It is the stuff of legends, pulp novels and late-night reruns of the Twilight Zone: a 140,000-sq.-mi. stretch of the Atlantic Ocean that seems to swallow unfortunate voyagers like a space-time warp. During the past 45 years, more than 100 ships and planes have disappeared in the triangular region -- roughly bounded by Bermuda, Southern Florida and the Greater Antilles -- often in circumstances as murky and mysterious as the storm-tossed sea itself.
Last week the Bermuda Triangle lost an important bit of its mystery. A New York City-based salvage company searching for Spanish galleons off the Florida coast discovered the remains of five Navy torpedo bombers that took off from a base in Fort Lauderdale on Dec. 5, 1945, and were never seen again. The planes, looking not much worse for wear, turned up in 750 ft. of water about 10 miles off Fort Lauderdale.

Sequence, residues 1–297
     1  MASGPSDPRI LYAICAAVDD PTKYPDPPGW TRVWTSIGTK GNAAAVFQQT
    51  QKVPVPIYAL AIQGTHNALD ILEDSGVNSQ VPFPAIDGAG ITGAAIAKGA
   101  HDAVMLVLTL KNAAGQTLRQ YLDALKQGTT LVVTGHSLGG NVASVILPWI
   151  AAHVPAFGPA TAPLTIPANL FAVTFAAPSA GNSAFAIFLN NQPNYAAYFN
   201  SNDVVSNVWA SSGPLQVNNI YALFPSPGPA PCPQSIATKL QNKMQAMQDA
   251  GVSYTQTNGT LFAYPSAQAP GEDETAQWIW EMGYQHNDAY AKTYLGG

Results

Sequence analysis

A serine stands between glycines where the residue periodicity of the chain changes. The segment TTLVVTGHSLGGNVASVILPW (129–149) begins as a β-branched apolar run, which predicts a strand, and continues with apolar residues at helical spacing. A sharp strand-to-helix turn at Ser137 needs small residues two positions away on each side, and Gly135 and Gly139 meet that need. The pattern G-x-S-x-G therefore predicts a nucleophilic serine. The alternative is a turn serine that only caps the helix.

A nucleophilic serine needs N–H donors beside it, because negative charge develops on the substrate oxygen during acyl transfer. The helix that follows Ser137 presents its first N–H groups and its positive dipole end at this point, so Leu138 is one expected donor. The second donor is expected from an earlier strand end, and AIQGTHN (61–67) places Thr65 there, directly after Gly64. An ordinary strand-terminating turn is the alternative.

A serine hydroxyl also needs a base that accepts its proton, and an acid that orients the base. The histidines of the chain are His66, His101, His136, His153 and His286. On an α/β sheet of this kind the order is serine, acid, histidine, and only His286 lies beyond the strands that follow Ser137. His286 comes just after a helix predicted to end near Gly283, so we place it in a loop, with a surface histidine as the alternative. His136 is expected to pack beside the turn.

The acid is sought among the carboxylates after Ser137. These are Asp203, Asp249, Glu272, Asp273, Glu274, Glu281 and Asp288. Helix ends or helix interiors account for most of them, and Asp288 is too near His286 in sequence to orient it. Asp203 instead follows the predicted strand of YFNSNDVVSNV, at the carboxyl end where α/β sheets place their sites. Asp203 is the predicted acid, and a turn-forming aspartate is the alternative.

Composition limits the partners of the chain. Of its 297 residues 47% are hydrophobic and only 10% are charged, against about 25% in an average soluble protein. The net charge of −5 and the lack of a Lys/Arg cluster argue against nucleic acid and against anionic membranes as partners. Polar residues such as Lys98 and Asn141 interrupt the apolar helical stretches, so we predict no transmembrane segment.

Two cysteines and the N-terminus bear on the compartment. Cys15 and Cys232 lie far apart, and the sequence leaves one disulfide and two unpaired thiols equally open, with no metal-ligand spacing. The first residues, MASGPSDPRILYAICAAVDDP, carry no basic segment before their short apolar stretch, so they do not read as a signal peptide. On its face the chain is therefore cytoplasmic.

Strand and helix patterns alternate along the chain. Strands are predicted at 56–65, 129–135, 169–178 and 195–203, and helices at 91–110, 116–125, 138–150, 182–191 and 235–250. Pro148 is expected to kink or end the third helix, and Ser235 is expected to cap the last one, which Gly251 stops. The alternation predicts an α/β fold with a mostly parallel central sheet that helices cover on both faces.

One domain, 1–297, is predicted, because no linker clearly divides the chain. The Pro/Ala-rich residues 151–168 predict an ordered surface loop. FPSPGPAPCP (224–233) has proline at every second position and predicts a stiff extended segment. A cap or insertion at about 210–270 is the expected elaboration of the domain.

The story of Flight 19, the so-called Lost Squadron, was one of the cornerstones of the Bermuda Triangle myth, which was born on a slow news day in 1950. That's when an Associated Press reporter named E.V.W. Jones collated a report of various planes and ships lost off the Florida coast and put it on the wire. The story was picked up and enlarged by other news services, tabloids and magazines until the Bermuda Triangle, as it became known in the 1960s, was a cultural fixation.
The serial numbers of the recovered aircraft have not yet been verified, but one of them carries the number 28 on its side, which was the number of the flight leader's plane. The Navy may yet stake a claim, but the salvage company, Scientific Search Project, has already received a $150,000 offer for the find's location. If it proves to be the final resting place of the Lost Squadron, it should also put to rest part of the mystique of the Bermuda Triangle.